The Wealth and Poverty of Regions
Why Cities Matter
As the world becomes more interconnected through travel and electronic communication, many believe that physical places will become less important. But as Mario Polèse argues in The Wealth and Poverty of Regions, geography will matter more than ever before in a world where distance is allegedly dead.
This provocative book surveys the globe, from London and Cape Town to New York and Beijing, contending that regions rise—or fall—due to their location, not only within nations but also on the world map. Polèse reveals how concentrations of industries and populations in specific locales often result in minor advantages that accumulate over time, resulting in reduced prices, improved transportation networks, increased diversity, and not least of all, “buzz”—the excitement and vitality that attracts ambitious people. The Wealth and Poverty of Regions maps out how a heady mix of size, infrastructure, proximity, and cost will determine which urban centers become the thriving metropolises of the future, and which become the deserted cities of the past. Engagingly written, the book provides insight to the past, present, and future of regions.
List of Illustrations
1 Why Do Some Places Generate More Wealth Than Others?
Places in a Shrinking World
History and Industrial Legacies
2 Size and Location
The Four Golden Rules of Regional Growth
The Positive Relationship between Size and Wealth
The Seven Pillars of Agglomeration
Why Smaller Cities Exist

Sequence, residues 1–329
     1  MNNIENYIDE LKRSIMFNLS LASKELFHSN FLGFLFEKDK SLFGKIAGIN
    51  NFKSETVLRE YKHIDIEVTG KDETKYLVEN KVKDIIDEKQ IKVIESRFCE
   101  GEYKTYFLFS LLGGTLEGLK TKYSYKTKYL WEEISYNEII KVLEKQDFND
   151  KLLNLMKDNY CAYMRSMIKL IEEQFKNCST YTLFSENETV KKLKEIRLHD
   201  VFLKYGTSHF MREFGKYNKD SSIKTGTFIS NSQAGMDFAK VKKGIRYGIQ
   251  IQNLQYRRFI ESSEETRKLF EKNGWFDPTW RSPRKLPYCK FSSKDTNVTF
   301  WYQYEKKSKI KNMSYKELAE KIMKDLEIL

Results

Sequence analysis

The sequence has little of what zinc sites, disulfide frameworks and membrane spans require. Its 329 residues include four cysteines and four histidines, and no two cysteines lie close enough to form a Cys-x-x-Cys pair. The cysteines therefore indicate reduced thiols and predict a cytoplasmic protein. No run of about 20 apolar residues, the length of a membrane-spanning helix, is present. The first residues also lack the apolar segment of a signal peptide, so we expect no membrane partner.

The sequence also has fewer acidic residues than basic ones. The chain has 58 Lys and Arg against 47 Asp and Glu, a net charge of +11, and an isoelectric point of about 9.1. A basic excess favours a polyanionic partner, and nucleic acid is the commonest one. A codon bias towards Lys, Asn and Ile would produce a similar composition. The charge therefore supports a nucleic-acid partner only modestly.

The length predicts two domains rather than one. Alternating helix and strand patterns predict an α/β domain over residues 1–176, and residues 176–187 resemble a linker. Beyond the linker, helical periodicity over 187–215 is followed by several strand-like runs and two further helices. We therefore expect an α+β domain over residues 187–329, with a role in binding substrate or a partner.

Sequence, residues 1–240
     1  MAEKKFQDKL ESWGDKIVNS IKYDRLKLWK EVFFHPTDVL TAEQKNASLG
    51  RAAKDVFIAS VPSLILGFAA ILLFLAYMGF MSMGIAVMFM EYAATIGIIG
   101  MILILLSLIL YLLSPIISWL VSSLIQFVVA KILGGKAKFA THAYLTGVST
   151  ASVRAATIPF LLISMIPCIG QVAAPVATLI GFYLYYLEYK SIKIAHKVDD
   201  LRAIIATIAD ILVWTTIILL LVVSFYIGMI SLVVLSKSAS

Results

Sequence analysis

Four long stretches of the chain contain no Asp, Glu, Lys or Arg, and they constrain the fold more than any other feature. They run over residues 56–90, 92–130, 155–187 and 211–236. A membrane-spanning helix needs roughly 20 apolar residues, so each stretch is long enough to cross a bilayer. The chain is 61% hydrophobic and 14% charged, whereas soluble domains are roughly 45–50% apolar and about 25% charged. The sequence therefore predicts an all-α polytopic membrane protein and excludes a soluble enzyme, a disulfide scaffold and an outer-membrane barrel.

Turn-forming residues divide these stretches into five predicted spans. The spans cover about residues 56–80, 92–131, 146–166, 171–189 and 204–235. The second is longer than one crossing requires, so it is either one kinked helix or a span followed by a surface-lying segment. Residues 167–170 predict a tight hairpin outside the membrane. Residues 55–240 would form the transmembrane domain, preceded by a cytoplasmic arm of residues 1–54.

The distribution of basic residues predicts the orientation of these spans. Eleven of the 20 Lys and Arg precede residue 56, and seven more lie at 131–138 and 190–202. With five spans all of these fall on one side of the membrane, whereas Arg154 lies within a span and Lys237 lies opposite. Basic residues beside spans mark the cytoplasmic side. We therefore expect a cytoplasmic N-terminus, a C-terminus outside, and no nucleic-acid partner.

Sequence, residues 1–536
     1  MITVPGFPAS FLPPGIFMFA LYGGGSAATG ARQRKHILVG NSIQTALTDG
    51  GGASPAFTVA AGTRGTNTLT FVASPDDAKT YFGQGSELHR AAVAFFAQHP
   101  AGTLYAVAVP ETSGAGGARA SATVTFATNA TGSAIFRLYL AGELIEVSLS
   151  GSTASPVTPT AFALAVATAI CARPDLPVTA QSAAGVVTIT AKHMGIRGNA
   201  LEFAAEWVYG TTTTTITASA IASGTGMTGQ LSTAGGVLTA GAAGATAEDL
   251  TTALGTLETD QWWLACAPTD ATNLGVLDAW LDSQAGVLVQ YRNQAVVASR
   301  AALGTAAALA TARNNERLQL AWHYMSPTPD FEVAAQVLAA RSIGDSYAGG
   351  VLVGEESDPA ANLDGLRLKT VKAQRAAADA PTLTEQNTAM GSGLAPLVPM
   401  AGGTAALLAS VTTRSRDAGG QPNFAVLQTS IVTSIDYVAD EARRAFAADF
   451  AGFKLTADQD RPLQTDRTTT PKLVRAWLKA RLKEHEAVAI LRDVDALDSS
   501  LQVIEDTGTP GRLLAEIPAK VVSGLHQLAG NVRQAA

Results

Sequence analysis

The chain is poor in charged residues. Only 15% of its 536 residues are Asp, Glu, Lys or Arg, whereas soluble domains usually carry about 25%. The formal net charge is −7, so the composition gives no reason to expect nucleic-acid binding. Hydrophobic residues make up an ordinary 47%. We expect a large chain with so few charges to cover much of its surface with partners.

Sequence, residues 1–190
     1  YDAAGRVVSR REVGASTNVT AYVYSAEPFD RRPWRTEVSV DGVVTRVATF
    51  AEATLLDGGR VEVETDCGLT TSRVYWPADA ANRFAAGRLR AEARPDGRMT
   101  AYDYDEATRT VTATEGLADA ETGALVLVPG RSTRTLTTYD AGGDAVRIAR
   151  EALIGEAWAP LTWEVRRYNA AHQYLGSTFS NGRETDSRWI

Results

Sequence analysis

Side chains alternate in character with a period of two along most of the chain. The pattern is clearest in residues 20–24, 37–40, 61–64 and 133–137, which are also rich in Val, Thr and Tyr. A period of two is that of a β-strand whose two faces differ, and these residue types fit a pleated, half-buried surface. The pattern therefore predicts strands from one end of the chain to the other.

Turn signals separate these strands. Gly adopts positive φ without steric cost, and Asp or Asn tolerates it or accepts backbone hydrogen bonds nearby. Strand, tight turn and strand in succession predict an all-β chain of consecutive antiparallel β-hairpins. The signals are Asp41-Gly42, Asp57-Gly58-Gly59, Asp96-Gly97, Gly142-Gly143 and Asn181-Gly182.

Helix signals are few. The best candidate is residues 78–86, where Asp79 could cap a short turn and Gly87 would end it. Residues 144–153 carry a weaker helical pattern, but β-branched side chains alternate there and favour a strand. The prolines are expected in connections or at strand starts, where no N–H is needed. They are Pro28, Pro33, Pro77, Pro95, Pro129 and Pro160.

A Simple Template
3 The Regional Origins of Wealth: Where It All Began
When Location and Size Mattered Less
Water and Waterways
A Tale of Two Continents
Europe’s Blue Banana
North America’s Bipolar Destiny
South of the Border—Mexico
Lessons from Europe and North America
4 Why Is the Geography of Wealth More Unequal in Some Nations?
On the Use of the Word “Disparity”
Why Regional Disparities Happen—and Should Eventually Disappear
Why Regional Disparities Are Higher in Some Nations
Why Are Regional Disparities More Difficult to Overcome in Some Nations?
Why the United States Is Different
5 Cities and National Economic Growth: An Asymmetrical Relationship
A Short History (and Explanation) of Urbanization
Urbanization Is an Outcome of Economic Growth (Not the Other Way Around)
Is Urbanization Different in Developing Nations?
Third World Cities: Victims of Progress?
The Difference between the Foundations of National and Local Economic Growth
6 Regional Growth in the Green and Gray Knowledge Economy
Hedonic Regional Growth
Green Migrations: Sun, Surf, and Cafés
Gray Migration: Golf, Châteaux, and Boardwalks
Size and Location Also Matter for Tourism
Revisiting the Rules of Regional Growth
Archipelagos of Growth
Some Places Will Decline
Some Places Will Continue to Grow (or Decline) for Unique Reasons
7 What Have We Learned?
Some Places Will Always Be Wealthier than Others
Cities Will Continue to Grow
The Diversification of the Sources of Regional Growth
The Never-ending Search for the Right Strategy
The New Importance of Place: People
Data Sources: Tables, Figures, and Maps
“This is one of the most original books in the subject area that I have read in years—the nearest is Jane Jacobs, forty years ago. It is remarkable in the way it combines depth and breadth, all presented in a jargon-free, almost conversational style.”
“For the first time in history, more than half the human population now lives in urban areas. Although economists and other social scientists have paid a considerable attention to the unequal development of nations, much less is known regarding the magnitude of spatial inequalities within countries as well as to the role and strength of urban agglomeration economies in driving regional economic development. In the wake of new economic geography and modern urban economics, Mario Polèse has succeeded in providing a masterful synthesis of the various roles played by cities in the process of regional growth. Thanks to a magnificent and reader-friendly exposition, the material presented in this book is made available to a broad audience of scientists and decision makers.”